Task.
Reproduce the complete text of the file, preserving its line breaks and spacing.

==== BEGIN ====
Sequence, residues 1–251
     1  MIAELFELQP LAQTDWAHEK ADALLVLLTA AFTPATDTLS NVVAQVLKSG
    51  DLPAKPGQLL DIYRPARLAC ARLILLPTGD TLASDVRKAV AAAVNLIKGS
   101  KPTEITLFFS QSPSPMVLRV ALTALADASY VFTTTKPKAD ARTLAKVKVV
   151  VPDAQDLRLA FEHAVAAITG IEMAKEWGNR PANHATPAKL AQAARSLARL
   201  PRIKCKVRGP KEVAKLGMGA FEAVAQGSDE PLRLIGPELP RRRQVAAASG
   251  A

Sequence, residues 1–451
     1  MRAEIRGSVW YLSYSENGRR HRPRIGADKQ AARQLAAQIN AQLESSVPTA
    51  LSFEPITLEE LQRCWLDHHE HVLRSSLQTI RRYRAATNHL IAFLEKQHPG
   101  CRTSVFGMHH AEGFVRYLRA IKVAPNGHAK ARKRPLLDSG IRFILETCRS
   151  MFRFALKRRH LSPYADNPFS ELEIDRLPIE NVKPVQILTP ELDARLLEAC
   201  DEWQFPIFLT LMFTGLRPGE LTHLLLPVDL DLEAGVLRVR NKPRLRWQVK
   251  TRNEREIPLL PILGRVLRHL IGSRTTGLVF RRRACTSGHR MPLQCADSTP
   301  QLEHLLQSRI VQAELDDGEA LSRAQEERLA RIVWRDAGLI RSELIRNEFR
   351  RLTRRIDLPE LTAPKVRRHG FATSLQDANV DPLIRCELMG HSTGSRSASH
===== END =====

Sequence, residues 1–251
     1  MIAELFELQP LAQTDWAHEK ADALLVLLTA AFTPATDTLS NVVAQVLKSG
    51  DLPAKPGQLL DIYRPARLAC ARLILLPTGD TLASDVRKAV AAAVNLIKGS
   101  KPTEITLFFS QSPSPMVLRV ALTALADASY VFTTTKPKAD ARTLAKVKVV
   151  VPDAQDLRLA FEHAVAAITG IEMAKEWGNR PANHATPAKL AQAARSLARL
   201  PRIKCKVRGP KEVAKLGMGA FEAVAQGSDE PLRLIGPELP RRRQVAAASG
   251  A

Sequence, residues 1–451
     1  MRAEIRGSVW YLSYSENGRR HRPRIGADKQ AARQLAAQIN AQLESSVPTA
    51  LSFEPITLEE LQRCWLDHHE HVLRSSLQTI RRYRAATNHL IAFLEKQHPG
   101  CRTSVFGMHH AEGFVRYLRA IKVAPNGHAK ARKRPLLDSG IRFILETCRS
   151  MFRFALKRRH LSPYADNPFS ELEIDRLPIE NVKPVQILTP ELDARLLEAC
   201  DEWQFPIFLT LMFTGLRPGE LTHLLLPVDL DLEAGVLRVR NKPRLRWQVK
   251  TRNEREIPLL PILGRVLRHL IGSRTTGLVF RRRACTSGHR MPLQCADSTP
   301  QLEHLLQSRI VQAELDDGEA LSRAQEERLA RIVWRDAGLI RSELIRNEFR
   351  RLTRRIDLPE LTAPKVRRHG FATSLQDANV DPLIRCELMG HSTGSRSASH